February 3rd, 2015

Thank you Paul! I was looking for some genuine feedback from the marketplace, but received several offensive comments from some of the @founderating people. Thanks for your support..

Paul Dowling Founder at Dreamstake

February 3rd, 2015

It's a good debate to have.  I posted this yesterday www.dreamstake.net/blog.  I personally believe that VC will long-term be dis-intermediated by platforms such as our own www.dreamstake.com.  I am less sure about crowd-funding. There will be big fall-out from the first significant failures.

Cheyenne Jones CEO/Founder

February 3rd, 2015

Thank you Michael, you confirmed what I pretty much knew, but am just looking for feedback from the marketplace. I also thank you for being professional in your comments, I have received some really offensive comments from @founderdating people. Warmest regards, Joann

Cheyenne Jones CEO/Founder

February 3rd, 2015

Debate are always valuable! What criticism are you citing?

Richard PhD Global FinTech - Crowdfunding - Research & Policy | Strategic Advisory | Board Member | Author | Consultant

February 3rd, 2015

Cheyenne

Great questions - the success rates vary tremendously - from less than 10% on many platforms to as high as 42% on other platforms.  You can track statistics (neither comprehensive nor 100% accurate, but close) at http://thecrowdfundingcentre.com/

But, what does this actually measure? If you lump together and compare amateurs with zero pre-campaign preparation with agency driven campaigns, you lose any value in the numbers.  The field is noisy and with the introduction of major agencies, brands and Fortune 100 companies using crowdfunding platforms, it is going to be more and more difficult for startups to compete.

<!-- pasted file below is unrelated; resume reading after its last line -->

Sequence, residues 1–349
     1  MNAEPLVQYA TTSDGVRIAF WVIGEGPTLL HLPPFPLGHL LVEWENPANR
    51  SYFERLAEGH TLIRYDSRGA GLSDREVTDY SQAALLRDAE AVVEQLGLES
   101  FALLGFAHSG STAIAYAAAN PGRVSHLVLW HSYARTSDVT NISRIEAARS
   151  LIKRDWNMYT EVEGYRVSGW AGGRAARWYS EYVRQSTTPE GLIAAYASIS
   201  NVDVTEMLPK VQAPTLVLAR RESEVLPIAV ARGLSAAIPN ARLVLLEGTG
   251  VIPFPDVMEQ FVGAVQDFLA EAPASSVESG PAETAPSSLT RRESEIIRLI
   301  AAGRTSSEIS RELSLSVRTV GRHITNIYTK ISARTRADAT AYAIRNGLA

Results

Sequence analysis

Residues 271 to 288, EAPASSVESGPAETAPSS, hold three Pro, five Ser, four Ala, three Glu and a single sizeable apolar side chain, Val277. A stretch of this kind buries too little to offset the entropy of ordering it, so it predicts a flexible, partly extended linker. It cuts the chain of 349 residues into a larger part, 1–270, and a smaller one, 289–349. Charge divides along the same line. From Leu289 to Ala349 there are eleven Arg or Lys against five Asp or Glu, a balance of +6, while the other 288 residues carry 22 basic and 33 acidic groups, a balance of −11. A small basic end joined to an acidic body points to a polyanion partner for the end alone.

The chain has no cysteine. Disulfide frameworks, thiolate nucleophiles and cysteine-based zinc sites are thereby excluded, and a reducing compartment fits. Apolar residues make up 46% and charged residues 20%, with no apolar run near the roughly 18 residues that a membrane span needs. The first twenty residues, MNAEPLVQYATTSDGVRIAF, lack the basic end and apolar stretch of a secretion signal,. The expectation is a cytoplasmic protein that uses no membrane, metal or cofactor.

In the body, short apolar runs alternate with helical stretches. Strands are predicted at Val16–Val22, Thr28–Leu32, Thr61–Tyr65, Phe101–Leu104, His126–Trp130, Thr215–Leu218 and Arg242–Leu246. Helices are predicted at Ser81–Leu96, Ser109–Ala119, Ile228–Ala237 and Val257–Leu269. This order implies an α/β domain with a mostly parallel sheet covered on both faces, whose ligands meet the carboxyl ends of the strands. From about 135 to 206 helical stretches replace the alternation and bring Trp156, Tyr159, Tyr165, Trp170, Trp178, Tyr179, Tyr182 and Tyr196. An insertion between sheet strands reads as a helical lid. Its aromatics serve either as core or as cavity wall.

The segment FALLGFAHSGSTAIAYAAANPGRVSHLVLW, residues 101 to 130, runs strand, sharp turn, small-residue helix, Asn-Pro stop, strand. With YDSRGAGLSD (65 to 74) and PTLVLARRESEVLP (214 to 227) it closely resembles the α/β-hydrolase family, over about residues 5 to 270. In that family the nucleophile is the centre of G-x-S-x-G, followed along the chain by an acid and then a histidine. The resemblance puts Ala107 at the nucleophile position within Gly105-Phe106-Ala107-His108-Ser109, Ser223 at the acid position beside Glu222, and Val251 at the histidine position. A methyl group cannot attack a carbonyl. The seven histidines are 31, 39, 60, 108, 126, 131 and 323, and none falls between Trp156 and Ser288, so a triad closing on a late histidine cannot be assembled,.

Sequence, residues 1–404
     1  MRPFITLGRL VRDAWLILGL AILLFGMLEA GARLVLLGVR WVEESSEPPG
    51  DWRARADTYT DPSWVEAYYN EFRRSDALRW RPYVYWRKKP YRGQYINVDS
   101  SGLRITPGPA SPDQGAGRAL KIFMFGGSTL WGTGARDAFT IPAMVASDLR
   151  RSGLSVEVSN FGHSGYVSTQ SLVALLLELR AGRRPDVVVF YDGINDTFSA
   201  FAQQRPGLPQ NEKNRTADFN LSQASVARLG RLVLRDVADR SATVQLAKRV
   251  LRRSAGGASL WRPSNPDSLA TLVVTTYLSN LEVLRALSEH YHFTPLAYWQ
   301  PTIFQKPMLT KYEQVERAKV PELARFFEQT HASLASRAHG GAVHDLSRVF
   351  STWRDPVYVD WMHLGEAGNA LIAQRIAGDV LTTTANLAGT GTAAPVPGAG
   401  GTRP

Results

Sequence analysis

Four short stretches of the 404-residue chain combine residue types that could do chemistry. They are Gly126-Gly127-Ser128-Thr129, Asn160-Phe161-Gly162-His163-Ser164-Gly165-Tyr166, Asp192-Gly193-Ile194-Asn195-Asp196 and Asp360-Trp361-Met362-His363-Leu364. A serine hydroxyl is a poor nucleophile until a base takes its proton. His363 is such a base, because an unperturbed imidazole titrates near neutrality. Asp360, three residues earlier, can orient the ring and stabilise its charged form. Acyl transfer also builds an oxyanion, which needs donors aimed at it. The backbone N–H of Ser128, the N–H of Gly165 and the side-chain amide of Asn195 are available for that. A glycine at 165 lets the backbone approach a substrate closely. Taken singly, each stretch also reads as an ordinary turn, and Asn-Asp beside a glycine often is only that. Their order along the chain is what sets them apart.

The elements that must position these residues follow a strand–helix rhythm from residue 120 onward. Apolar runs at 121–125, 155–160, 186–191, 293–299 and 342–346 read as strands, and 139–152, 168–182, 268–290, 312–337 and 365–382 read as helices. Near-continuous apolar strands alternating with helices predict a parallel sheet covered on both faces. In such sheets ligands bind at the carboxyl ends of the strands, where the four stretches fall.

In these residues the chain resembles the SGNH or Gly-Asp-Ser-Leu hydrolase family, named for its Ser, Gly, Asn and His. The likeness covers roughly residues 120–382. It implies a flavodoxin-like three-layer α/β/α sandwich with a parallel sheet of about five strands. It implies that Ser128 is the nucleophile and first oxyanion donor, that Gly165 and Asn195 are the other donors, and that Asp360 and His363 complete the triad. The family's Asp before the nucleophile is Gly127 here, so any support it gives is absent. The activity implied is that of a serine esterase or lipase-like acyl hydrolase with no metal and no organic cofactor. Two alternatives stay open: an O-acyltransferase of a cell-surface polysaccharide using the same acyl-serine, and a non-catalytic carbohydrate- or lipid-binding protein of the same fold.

However, between 60 and 70% of people who "fail" at crowdfunding report that they intend to do another campaign. There are significant benefits to crowdfunding - and the financial rewards are typically the 5th or 6th most important to the entrepreneur at the close of the campaign.  

Data from Wharton reports that nearly 90% of projects that met a $5,000 funding goal in the past five years are still engaged in the activity for which they raised funds - this includes community crowdfunding, not-for-profits etc.  Early evidence suggests that successful rewards crowdfunding is associated with more viable firms, but more research is needed.

Glenn Saunders

February 3rd, 2015

This is purely anecdotal, but as tough as it may be to suffer a failed campaign, I've noticed some cases where projects failed on the first try and managed to make it on the second try.  Sometimes the first campaign simply doesn't run long enough to hit critical-mass.  I've come to see crowdfunding sites as a great way to raise awareness, something that has value based on the overall foot-traffic flowing through Kickstarter and Indiegogo.  You never know what indirect benefits might come from running a campaign, bloggers writing about it, investor inquiries, etc...  But it's more than just whether or not you cross over the finish-line.

Cheyenne Jones CEO/Founder

February 3rd, 2015

Sorry, debate *is* always valuable. What criticism is it that you are citing?

Cheyenne Jones CEO/Founder

February 3rd, 2015

Thank you Richard, your comments are valuable and exactly what I was looking for, I can't beleive some of the offensive comments I received from @founderdating. Thanks again.